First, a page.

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What’s in a name — and where do words come from?

May 10, 2010
The most popular name for boys here (for almost 11 years) is still Jacob, but Isabella has taken over "Emma" for the most popular baby girl’s name.

I don’t know why people still go with popularity when choosing names for their babies. Here is one the side effect : I often need to call names in class to respond to my question and it’s not uncommon that five boys answered me when I called for "Ethan" or a few girls were confused and embarrassed when I asked this Emily but that Emily answered.  It’s kind of like insisting on addressing a person using the last name (surname) only basis in Korea.  Or Singapore.

"Can Mr. Kim come the the main counter?"

"Mr. Lee, Mr. Lee, urgent call for Mr. Lee."

While naming names is difficult for parents, name of dishes and where they originate is very interesting.  I don’t claim to be an etymologist but I love "researching" and thinking about the possible origin of words.  I was once told that the word "horse"has something to do with "hor" 虎 (tiger) in Fujian but I quickly realised that’s bogus science.
Words like "becak" (pronounced bay chia) in Indonesian is easily trace as originated from Fujian’s 马车 which literally means "horse car".  (no bluff you one) "Becak" is tricycle in Indonesia.   (See video below.)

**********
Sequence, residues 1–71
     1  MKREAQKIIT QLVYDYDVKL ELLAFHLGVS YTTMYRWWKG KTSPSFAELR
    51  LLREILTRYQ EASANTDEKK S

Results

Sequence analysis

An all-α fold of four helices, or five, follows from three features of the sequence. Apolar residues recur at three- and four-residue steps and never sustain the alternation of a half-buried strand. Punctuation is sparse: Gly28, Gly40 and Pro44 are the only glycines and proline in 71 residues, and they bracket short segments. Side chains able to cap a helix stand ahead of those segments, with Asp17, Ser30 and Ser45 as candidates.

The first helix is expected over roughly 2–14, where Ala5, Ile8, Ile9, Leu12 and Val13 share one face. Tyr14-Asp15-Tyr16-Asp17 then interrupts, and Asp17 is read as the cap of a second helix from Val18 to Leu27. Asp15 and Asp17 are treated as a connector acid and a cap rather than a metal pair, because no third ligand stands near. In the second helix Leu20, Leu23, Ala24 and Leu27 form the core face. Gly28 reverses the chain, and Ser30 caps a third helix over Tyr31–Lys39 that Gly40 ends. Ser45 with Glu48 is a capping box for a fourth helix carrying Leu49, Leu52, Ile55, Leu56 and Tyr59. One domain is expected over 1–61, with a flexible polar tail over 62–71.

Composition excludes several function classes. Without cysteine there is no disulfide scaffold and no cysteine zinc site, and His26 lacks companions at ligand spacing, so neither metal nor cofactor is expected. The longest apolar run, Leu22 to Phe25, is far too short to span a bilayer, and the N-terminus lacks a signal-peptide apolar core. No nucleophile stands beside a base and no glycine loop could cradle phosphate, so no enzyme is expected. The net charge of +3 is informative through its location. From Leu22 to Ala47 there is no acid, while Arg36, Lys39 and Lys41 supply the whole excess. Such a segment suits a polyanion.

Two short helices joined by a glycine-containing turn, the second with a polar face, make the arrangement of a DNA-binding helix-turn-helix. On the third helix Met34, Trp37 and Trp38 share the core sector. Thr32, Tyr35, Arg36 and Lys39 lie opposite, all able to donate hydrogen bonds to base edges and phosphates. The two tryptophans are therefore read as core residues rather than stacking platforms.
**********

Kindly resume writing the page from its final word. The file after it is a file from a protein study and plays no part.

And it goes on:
Many words are like that in Indonesian.  (And this is one reason Malaysia frown upon the many imported words in Bahasa Indonesia.)  Being able to count and say a few words in Fujian dialect is popular in Indonesia.  Like it was popular to speak Bahasa Malayu (or Bahasa Indonesia) in the Middle East amongst merchants.  In Indo, so many words in Fujian gets translated and mis-used. (Similar situation also happened in the Philippines and local Tagalog has many Chinese dialects influence. )

For example, in Indonesian, Bao 包 (those dumpling with fluffy skin and meat/ egg in it) are called "Bakpao"

[picture directly linked from Jane Tong’s blog page 狗不理包子]
    [Click on picture to go to Kedai’s Hamburg recipe to make 包]

If one knows hokkien (Southern Fujian dialect), one would have easily guess that it came from Ba Pao 肉包( literally means "meat dumpling) (refer to the Wiktionary by clicking).  And it’s called Bakpao (in Indo) whether there is meat in it or not (Correction, sometimes they refer to "Bakpao daging" for meat dumpling . . ., but Bak itself is already "meat" in hokkien).  Similar for "Bacang", whether it has meat or not, whether it’s Teochew style or Hokkien style or Cantonese style, as long as it’s tied in a tetrahdronic shape, it’s called Bacang in Indonesian.  There is no "Tao Cang" 豆粽(子)(bean dumpling) or  "Ti Cang" 甜粽(子)(sweet dumpling) or "kiam Cang" 咸粽(子)(salty dumpling).

Recently we ate in a RAMEN store in Canton Michigan.  It has the usual big "ラーメン "(RAMEN in katagana) and " らーめん " (ramen in hiragana) hanging outside the store.  What really caught my eyes was the word チャンポン(Champpon in katagana) ! Champon (or JJampon) is a popular specialty food of Nagasaki and is a one of most popular Koreanized Chinese foods both in Korea and Japan.  Some (Wiki) speculated that it comes from the Okinawan dish Chanpuru and some thinks it originated from the Malaya word Campur (both mean "mix") but some was one so far-fetched as say it came from the Hokkien word Jia Peng (literally eat rice).  Singaporean will just called it ROJAK.


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  1. Vicky permalink

    Why do Korean feel it\’s rude to call them by name?

  2. Nabueh permalink

    It\’s not rude to cal them by name. IT\’s just that more than half of the people have surnames Kim.

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